Really a “Terrible Place”: Dinotopia, the Mini-series: Review Take 1

I’m finally ready to trash—er, review—the Dinotopia mini-series. For this review, I’m going to try a slightly different format. I won’t be sorting things into spoiler and non-spoiler because as far as I’m concerned, that show is totally rotten and I am NOT recommending it. I do apologize for including some spoilers from the books by James Gurney and the related novel series, but they were necessary for context. Now, I have a lot of reasons why you shouldn’t watch the mini-series (let’s call it DMS for short), but since I know rants get old fast when they’re too long, I’ll take two approaches to this topic. I’ll start with some quick-fire coverage of a few topics that drew my ire or amusement. Next post will use some of the lessons I took from the Dinotopia books to frame my disgruntlement at DMS. Now, let’s get down to it.

Fittingly, most of the trailer clips for DMS are low-quality. This is one of the better (and quicker) ones.

A Quick Overview

The story begins with half-brothers David and Carl Scott spending time with their dad. All are apparently invulnerable demi-gods since Dad-dude thinks sleeping at the wheel of a private plane flying over the ocean is a great vacation idea. After they crash, the bros swim to shore. Traveling inward, they meet Professor Lupin, cursed into the role of vague villain Cyrus Crabb; Marion, their blandly serene guide and love interest; and the most horrifying monster of all, Zippo (more on him shortly). Onward they go to Waterfall City, where they learn to use footprint stamps but seemingly nothing about Dinotopian culture or history since they are constantly shocked or confused later. A tussle send them falling from the clifftop city and washing downriver, which conveniently leaves them near a hatchery run by Marion’s mother Rosemary. David is dragged off to Skybax training but ends up flying a Pteranodon. Carl gets the ultimate parenthood egg assignment that hatches into an adorable Chasmosaurus named 26. Meanwhile, everyone goes bananas because the sunstones are failing.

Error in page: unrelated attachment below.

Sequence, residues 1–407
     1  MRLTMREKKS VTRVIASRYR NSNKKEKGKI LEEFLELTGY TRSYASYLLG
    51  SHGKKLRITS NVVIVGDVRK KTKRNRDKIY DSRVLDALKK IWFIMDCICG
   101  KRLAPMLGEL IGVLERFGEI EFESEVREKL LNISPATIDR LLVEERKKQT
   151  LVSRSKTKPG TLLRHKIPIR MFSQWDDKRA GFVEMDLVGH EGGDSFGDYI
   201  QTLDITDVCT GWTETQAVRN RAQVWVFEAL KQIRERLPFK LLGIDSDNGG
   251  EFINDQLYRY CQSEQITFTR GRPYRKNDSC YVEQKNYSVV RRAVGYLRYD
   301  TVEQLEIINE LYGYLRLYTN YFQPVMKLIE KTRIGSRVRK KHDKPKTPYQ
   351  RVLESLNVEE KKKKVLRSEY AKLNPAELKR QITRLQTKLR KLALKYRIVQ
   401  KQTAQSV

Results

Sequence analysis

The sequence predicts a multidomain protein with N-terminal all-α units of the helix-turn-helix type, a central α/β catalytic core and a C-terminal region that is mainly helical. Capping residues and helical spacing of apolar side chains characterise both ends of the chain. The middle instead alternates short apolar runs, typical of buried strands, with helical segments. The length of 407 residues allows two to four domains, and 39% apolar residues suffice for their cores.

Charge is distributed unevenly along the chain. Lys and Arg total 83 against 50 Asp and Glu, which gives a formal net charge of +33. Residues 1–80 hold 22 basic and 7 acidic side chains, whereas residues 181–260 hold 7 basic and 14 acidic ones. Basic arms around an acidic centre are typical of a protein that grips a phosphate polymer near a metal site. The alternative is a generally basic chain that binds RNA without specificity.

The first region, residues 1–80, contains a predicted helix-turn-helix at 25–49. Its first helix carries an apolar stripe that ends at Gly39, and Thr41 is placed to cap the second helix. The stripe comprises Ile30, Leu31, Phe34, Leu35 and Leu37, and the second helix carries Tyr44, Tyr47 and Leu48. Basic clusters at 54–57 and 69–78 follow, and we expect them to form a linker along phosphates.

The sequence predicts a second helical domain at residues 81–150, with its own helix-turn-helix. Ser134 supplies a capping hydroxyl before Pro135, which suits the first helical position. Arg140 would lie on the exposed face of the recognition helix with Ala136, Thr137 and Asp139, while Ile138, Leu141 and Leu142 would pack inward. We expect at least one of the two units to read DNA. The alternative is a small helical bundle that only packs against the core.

Newcomers to Dinotopia are called “dolphinbacks” because they are guided by dolphins. Since Carl and David swam on their own, I guess they’re just wetbacks. Sculpture Of Boy With A Dolphin, Chelsea Embankment, London. Photo by Lonpicman, CC BY-SA 3.0, via Wikimedia Commons.

DMS is clearly an alternate timeline from book Dinotopia. They have mayors, a history of 207 in fact, and a “Dinotopian Senate” that never existed in the 1860s original setting.1 Waterfall City is a center of government rather than learning, and despite every major Dinotopian character being related to them, the cast from the books have all been wiped out by a mysterious editorial disease. Their stories are also altered. Arthur Denison, for instance, was arrested for traveling to the World Beneath instead of celebrated and encouraged to return.2 Then there’s Mayor Waldo’s legend of the World Beneath, where a “young woman” uses sunstones to lead humans and saurians in a time of darkness.3 That “darkness” was the extinction event of the dinosaurs, which should be before humans evolved unless this takes place in the same universe as The Flintstones. The mythical half-saurian King Ogthar even gets a makeover with a face that looks more like Zippo than a ceratopsian!

Carl and David seem mostly based on Hugh and Raymond from Scott Ciencin’s Windchaser. Like Hugh, Carl resists Dinotopia’s attempts to educate him while David loves Dinotopia and befriends an outcast flyer like Raymond. Between flat acting and little backstory, however, the Scott brothers’ arguments just feel like petty bickering. Hugh’s perspective as a London pickpocket bound for penal colony Australia brings depth to his conversations and character. He asks hard questions about prisons and homelessness, showing Dinotopia lacks both. Zippo flips out over a “stolen” library book,4 while Hugh threatening to steal library scrolls is met with, “If your need is so strong, so be it.”5 The deeper issues with trust and self-confidence that motivate Hugh’s desire to escape are gradually revealed, while Carl wants to leave…because he does? And he’s fine once he has a cute baby dinosaur and his dad. Yet his harsh words about DMS’ Dinotopia don’t feel so off-mark, where jails apparently do exist, the mayor has servants, and library archives are restricted.

Cyrus Crabb